My Work as Curator of a Taekwondo System
|World Organizer of Martial Arts (WOMA) Instructor Training Day 28/29 April, Perry Lakes, W. Australia. Author of Traditional Taekwondo Techniques Colin Wee is standing at the far right.|
While I still lead a small Traditional Taekwondo practice, I find myself reaching many more people with this blog and my online network, my FaceBook presence, articles submitted to Stuart Anslow's Totally Taekwondo magazine, the workshop series I started up for my school, and my networking with a broad range of instructors partly from my participation in WOMA's Instructor Training Day (see above photo), and partly through my insistence on an open door policy for my own training hall.
Through the years, I have continued my work as a 'curator' of Traditional Taekwondo, my efforts continually developing my relationship with this art, and at the same time allowing other people to understand that once upon a time, in a land far far away, an oppressed people, through immense hardship and against all odds, repurposed a hard style system which they felt was too rigid and too prescriptive to be of any use to them.
My work in the last few years has been recognised by visitors to this blog, authors who have generously included me in their books, and the various promotions and awards that, in my opinion, have been overly charitable to this practitioner.
While I have often stated that Traditional Taekwondo was exported out of Korea in 1956 and there it was practiced in isolation from the machinations of the ITF and WTF, the truth is that my lineage continued to develop in close proximity to other styles such as Karate and Tang Soo Do, both of which were anathema to Gen Choi's idea of Taekwondo.
While I highly respect the work of the Korean pioneers of Taekwondo, it was my intention to set aside political rancour and recognise that Taekwondo benefited from both the old and the new and does not become any less unique by reaching out equally to the pre-Korean source material. I crystallized this new philosophy with the renaming of my school Joong Do Kwan, which means School of the Middle Way. Middle is that point between older predecessors of the art and newer Korean innovations.
In Joong Do Kwan, the hyungs form the backbone of our syllabus, and in summary:
Chon-ji has strikes to extremities;While there are strengths in the Taekwondo training methodology, there are those skills such as groundwork, grappling, and weapons which would round off our program, and which should be something any serious student should embark on outside of Taekwondo as it is offered in most schools.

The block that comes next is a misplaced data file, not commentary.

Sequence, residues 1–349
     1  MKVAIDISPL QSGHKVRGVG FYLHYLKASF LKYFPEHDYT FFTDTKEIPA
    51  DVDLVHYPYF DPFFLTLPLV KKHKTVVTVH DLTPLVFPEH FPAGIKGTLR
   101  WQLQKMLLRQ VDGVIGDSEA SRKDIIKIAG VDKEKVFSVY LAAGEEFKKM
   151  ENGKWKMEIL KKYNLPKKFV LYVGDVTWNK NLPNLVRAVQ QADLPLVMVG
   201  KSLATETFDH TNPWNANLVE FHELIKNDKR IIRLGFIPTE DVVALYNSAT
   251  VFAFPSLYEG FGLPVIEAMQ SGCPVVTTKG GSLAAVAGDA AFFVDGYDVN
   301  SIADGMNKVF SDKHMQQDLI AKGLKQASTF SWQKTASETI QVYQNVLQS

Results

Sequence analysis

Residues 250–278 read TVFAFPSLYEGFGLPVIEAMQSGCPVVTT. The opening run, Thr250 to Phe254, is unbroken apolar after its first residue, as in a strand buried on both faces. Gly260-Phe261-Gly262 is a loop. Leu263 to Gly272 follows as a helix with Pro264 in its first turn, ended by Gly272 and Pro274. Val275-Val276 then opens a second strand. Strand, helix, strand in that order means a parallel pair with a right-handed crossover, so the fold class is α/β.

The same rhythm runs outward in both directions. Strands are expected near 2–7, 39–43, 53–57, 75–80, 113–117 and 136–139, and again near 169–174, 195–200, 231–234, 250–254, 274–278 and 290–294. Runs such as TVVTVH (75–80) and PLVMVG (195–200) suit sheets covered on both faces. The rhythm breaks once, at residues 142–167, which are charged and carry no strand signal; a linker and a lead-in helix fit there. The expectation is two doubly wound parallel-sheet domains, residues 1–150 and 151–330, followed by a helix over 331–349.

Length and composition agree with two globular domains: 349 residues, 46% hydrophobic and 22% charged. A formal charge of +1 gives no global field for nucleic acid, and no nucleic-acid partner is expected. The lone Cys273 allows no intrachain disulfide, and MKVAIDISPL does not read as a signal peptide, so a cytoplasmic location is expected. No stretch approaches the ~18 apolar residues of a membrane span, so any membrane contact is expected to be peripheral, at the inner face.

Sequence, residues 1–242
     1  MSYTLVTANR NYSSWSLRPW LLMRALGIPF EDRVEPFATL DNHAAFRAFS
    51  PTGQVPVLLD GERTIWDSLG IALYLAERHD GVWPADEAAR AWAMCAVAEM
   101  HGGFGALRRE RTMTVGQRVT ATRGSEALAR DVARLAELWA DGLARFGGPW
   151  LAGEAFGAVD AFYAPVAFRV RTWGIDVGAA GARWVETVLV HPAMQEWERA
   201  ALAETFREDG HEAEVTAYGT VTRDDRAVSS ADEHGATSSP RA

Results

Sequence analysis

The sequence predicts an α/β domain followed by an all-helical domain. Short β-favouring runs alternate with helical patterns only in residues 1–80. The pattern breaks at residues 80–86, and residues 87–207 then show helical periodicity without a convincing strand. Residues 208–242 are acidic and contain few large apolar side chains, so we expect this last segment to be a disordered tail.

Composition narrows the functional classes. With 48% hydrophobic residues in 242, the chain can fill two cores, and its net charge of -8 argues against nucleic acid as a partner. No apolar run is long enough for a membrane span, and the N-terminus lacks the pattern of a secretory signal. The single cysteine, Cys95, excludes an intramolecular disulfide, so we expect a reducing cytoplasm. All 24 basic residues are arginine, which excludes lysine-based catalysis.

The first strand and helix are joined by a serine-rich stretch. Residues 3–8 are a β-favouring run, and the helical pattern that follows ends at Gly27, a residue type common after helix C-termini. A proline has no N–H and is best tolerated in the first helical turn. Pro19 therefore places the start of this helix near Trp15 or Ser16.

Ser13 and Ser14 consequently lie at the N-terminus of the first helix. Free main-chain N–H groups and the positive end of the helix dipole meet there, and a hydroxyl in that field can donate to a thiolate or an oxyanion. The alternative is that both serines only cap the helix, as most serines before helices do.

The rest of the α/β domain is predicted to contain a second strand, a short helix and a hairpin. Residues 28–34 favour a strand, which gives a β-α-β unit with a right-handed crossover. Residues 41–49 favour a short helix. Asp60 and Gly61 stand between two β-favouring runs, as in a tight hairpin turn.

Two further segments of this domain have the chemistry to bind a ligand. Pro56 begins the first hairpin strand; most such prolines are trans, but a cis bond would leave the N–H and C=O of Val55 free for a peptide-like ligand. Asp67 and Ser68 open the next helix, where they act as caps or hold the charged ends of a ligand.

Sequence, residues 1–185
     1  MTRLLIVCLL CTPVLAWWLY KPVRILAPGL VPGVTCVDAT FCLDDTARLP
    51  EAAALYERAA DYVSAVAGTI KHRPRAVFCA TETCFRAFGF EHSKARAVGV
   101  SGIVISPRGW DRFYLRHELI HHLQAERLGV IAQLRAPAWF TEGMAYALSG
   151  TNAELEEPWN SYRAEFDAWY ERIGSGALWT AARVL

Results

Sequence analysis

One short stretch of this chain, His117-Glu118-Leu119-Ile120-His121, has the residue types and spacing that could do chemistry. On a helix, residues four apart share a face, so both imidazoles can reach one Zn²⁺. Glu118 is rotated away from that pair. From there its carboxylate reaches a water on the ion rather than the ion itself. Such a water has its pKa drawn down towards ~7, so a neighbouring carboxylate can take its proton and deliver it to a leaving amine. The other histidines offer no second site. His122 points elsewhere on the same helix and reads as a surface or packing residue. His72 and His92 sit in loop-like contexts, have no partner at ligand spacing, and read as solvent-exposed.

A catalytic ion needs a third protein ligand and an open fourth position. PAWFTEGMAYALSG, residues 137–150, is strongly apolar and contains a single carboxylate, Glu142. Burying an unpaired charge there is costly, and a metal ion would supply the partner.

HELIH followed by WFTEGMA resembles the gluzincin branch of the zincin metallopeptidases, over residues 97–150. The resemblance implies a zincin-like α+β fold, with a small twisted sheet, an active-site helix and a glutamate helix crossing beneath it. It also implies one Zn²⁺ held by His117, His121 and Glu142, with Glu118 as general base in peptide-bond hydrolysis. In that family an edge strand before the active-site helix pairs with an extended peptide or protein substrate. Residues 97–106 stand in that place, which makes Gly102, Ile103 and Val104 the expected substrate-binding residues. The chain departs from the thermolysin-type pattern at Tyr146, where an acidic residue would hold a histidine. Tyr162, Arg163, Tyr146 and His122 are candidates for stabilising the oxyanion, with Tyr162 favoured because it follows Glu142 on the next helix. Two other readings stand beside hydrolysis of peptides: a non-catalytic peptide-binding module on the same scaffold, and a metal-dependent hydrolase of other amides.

Dan-gun speeds it up with block, traps and counters;
Do-san is where we develop powerful close range strikes;
Won-hyo teaches us to gap close, target the neck, and perform takedowns;
Yul-gok works on two hand deflection and counters;
Joon-gun works on controls and hyperextensions of opponent's arms;
Toi-gye focuses on leg defences and takedowns;
Hwa-rang continues to develop close quarter tactics; and
Choong-moo works on blocking and redirection of opponent's strikes.
As an aside, I highly recommend any Taekwondo practitioner to include striking post training into their daily practice. The heart of our forms is a karate engine that would have continued to teach focus and solid upper body strikes if the essence of those kata had not been changed. However, since many Taekwondo schools are so stylistically different from hard style Karate, it is my recommendation that practitioners return to such simple training equipment to learn how to strike with 'focus'; focus meaning using the entire body by 'locking down' or decelerating upon impact.
What is the future of Taekwondo? Why ask me. My future is way different from yours. This blog was never to indoctrinate others to follow what I'm doing. It was to spark an idea that Taekwondo can give so much more without becoming any less. After all, if it is a methodology, then what is it that you are seeking to develop with that methodology? This answer has always been up to you.
I will end by thanking my teachers and mentors - too many of us forget how fortunate we are that there are individuals who are ready to bestow their precious time so that we may find our own way on the path. I also thank visitors to this blog - for if I didn't get the traffic, I would probably not invest as much time to explore certain topics the way I do so here. Again, remember to write us a few lines or 'like' us on FB if you want to see this blog improving.
Good luck in your training.
Joong Do Kwan Chung Sah Nim
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